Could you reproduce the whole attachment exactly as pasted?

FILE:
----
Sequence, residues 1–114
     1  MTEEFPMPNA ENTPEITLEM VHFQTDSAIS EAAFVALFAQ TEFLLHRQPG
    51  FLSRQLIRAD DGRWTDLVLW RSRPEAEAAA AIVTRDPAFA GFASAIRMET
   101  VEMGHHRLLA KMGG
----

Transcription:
Sequence, residues 1–114
     1  MTEEFPMPNA ENTPEITLEM VHFQTDSAIS EAAFVALFAQ TEFLLHRQPG
    51  FLSRQLIRAD DGRWTDLVLW RSRPEAEAAA AIVTRDPAFA GFASAIRMET
   101  VEMGHHRLLA KMGG